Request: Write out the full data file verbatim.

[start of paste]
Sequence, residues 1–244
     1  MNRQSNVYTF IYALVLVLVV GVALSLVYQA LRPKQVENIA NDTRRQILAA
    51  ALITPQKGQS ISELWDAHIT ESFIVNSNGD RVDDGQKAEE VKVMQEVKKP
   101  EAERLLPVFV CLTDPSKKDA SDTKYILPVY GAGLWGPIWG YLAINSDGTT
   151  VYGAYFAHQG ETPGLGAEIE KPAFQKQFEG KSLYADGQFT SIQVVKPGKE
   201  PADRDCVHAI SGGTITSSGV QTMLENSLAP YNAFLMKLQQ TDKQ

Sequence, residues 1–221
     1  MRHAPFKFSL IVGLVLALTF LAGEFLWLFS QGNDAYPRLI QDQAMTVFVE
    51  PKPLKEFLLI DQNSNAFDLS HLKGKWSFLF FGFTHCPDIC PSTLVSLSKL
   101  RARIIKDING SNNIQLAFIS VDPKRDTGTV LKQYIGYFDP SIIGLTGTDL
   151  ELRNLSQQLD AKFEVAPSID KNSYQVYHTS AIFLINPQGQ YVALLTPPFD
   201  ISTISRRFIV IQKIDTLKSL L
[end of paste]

Sequence, residues 1–244
     1  MNRQSNVYTF IYALVLVLVV GVALSLVYQA LRPKQVENIA NDTRRQILAA
    51  ALITPQKGQS ISELWDAHIT ESFIVNSNGD RVDDGQKAEE VKVMQEVKKP
   101  EAERLLPVFV CLTDPSKKDA SDTKYILPVY GAGLWGPIWG YLAINSDGTT
   151  VYGAYFAHQG ETPGLGAEIE KPAFQKQFEG KSLYADGQFT SIQVVKPGKE
   201  PADRDCVHAI SGGTITSSGV QTMLENSLAP YNAFLMKLQQ TDKQ

Sequence, residues 1–221
     1  MRHAPFKFSL IVGLVLALTF LAGEFLWLFS QGNDAYPRLI QDQAMTVFVE
    51  PKPLKEFLLI DQNSNAFDLS HLKGKWSFLF FGFTHCPDIC PSTLVSLSKL
   101  RARIIKDING SNNIQLAFIS VDPKRDTGTV LKQYIGYFDP SIIGLTGTDL
   151  ELRNLSQQLD AKFEVAPSID KNSYQVYHTS AIFLINPQGQ YVALLTPPFD
   201  ISTISRRFIV IQKIDTLKSL L